22. 22. FY 2014 Budget Request Executive SummaryMESSAGE FROM THE ADMINISTRATORnatural or human-induced changes. On the heels of the most daring mission to Mars in history last year,this budget will provide funding to launch another mission to the Red Planet.We also will continue making steady progress to develop and conduct critical tests on the James WebbSpace Telescope, leading to its planned launch in 2018. The telescope will revolutionize ourunderstanding of the universe, just as its predecessor the Hubble Space Telescope did.NASA’s innovative aeronautics research supports the U.S. aviation industry’s efforts to maintaincompetiveness in the global market. Our research provides the flying public with flights with fewerdelays, while also maintaining an outstanding safety level. NASA’s breakthrough research into moreefficient air traffic management and environmentally friendly aircraft helps U.S. air carriers operate theirfleets more efficiently while reducing operating costs.These critical efforts will contribute to a bright future for our Nation by stimulating the economy andcreating more jobs, especially for the next generation of American scientists and engineers. The fundingof cutting-edge aeronautics and space technology innovations, research, and development, will help fuelthe Nation’s economy for years to come and allow us to chart the next great era of space exploration.NASA makes every effort to ensure that performance data are subject to the same attention to detail as isdevoted to our scientific and technical research. With this in mind, I can provide reasonable assurance thatthe performance data included in the Annual Performance Report are reliable and complete. Any datalimitations are documented explicitly in the performance report sections of this budget. Charles F. Bolden, Jr. NASA Administrator SUM-3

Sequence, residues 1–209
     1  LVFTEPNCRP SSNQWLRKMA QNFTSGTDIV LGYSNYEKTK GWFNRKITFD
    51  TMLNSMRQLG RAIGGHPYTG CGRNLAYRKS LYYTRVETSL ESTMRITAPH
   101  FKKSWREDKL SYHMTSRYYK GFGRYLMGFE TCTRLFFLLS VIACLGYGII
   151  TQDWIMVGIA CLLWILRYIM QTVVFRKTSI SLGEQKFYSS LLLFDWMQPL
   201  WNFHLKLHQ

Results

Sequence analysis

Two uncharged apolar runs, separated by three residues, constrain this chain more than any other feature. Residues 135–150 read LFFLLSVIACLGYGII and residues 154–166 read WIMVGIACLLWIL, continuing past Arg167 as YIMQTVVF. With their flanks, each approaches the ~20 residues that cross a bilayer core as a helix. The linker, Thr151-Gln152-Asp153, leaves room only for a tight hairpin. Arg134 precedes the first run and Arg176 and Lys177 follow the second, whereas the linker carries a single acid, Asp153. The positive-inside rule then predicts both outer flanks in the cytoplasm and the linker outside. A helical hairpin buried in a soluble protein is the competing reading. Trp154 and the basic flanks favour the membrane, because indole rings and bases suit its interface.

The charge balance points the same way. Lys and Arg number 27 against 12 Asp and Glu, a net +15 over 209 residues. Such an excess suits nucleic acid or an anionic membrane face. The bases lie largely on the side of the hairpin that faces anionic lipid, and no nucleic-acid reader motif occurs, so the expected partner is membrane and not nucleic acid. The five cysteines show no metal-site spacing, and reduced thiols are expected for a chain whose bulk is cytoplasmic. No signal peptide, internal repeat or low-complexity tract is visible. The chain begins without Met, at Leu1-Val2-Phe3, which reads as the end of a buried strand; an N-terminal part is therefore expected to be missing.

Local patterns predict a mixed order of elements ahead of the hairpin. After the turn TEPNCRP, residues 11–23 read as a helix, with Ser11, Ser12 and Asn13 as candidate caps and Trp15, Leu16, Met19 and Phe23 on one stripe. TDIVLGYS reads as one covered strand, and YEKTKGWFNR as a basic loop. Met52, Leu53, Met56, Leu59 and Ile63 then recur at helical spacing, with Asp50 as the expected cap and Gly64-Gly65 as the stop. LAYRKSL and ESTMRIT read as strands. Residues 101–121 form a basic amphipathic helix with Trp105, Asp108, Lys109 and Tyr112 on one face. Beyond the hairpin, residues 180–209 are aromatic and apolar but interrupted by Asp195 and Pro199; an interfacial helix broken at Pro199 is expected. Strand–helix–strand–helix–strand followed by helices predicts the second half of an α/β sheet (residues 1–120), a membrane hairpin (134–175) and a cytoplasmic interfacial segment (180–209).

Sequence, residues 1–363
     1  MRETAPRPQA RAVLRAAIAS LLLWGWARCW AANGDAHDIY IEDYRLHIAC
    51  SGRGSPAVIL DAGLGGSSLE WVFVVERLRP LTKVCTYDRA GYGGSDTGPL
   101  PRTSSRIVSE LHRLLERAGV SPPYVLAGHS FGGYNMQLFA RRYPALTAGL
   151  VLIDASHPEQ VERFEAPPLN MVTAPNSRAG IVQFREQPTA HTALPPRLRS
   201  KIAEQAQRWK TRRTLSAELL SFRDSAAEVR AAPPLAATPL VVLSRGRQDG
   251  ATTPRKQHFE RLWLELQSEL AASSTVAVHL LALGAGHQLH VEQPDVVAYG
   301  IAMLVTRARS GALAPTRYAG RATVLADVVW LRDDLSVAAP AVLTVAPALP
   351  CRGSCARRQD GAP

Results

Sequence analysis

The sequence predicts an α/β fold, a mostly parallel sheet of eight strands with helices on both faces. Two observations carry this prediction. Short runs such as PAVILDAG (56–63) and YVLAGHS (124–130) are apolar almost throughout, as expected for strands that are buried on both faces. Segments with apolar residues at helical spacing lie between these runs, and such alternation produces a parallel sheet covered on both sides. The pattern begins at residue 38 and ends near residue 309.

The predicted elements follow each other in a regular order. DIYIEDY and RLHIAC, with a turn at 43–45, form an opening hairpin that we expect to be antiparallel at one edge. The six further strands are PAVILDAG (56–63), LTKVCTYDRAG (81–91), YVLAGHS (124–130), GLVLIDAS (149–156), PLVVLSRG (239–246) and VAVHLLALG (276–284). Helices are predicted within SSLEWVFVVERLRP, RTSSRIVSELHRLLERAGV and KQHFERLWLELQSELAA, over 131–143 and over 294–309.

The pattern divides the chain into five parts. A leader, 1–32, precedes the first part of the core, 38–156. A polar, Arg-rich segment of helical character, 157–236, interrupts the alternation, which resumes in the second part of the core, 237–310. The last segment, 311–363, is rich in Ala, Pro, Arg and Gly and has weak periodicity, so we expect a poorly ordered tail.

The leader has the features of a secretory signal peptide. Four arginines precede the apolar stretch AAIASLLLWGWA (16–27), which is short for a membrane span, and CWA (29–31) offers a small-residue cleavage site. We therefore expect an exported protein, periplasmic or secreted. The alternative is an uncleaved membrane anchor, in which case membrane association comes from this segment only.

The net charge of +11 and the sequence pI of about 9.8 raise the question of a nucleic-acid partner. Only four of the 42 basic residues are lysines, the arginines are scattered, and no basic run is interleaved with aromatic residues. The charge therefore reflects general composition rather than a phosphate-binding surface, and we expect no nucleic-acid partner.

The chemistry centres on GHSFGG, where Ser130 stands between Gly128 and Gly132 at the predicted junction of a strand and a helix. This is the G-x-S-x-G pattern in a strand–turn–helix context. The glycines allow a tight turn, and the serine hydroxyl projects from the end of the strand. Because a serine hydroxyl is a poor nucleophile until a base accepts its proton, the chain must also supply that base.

23. 23. FY 2014 Budget Request Executive SummaryBUDGET OVERVIEWNASA has long been known for its willingness to take on big challenges and its “can-do” attitude. NASAput men on the moon and roving explorers on the surface of Mars. The Agency pursues fundamentalresearch to reveal the mysteries of the universe and explain its origin. NASA, in collaboration withinternational partners, keeps astronaut crews safe and productive in a spacecraft laboratory more than 200miles above Earth. Technology programs seek imaginative solutions to challenges of space flight, andhelp apply these findings to benefit life on Earth. With challenges and successes like these, NASA’sability to achieve is clear.In FY 2014, NASA continues to apply this same confidence and resourcefulness to its current set ofchallenges. The Agency is ensuring that preliminary research, planning, prioritization, benefits analysis,and fiscal responsibility remain among core management considerations for each investment it makes.This rigor enables the Agency to continue work on its priority programs and accomplish core missionobjectives despite uncertainties in current and future funding levels.Maintaining milestones while facing funding uncertainty requires thoughtful planning, in-depth analysis,trade-off considerations, and data-driven decision making from management. NASA fully supports theAdministration’s commitment to transparency and “open” government, so NASA is improving the way itpresents performance information. This year, the performance plan is presented in the context of longer-term as well as annual goals. The performance plan also includes several years of historical performancedata and analyses of NASA’s performance trends with increased emphasis on cost and schedule reporting.In FY 2014, NASA begins development of a first-of-its-kind mission to encounter and move an asteroid.Across the Agency, scientists, mission managers, technologists, and operations specialists are developinga multi-segment mission that begins with accelerating our detection of near-Earth asteroids and theselection of a target for this mission. NASA will advance the Nation’s ability to track and characterizethese objects and then assess other factors that affect their movement. By doing so, NASA can bettermodel their trajectories and develop various methods for mitigating threats, which ultimately improvesthe ability of our Nation and others to protect the planet from potential asteroid impacts.Still in early design, the second segment of the mission is the detailed reconnaissance and capture of asmall, non-threatening asteroid and redirecting it to a stable, non-Earth threatening orbit in the Earth-moon system. This mission segment would also demonstrate new advanced solar electric propulsiontechnologies, capable of generating the higher levels of thrust and power necessary to capture and redirecta large object. Instruments would enable close-up examination of the asteroid, validation of the targetselection, and determine the best angle of approach to capture and manage the asteroid spin rate. Themission will benefit from the development of sensors and techniques from Origins-SpectralInterpretation-Resource Identification-Security-Regolith Explorer (OSIRIS-Rex) mission. Therequirement for this mission to attach to the entire asteroid will require unique and challenging adaptationof these instruments and techniques. NASA will also refine and adopt in its spacecraft designs newadvances in a variety of areas, including lightweight materials, communication, data storage and transfer,and space navigation.The final segment of the mission will focus on human exploration of the asteroid using the Orion Multi-Purpose Crew Vehicle (Orion MPCV). In this early mission for the Space Launch System and OrionMPCV, the crew will travel deeper into space than ever before to conduct advanced exploration andresearch with the target asteroid, and return samples of the asteroid to Earth. SUM-4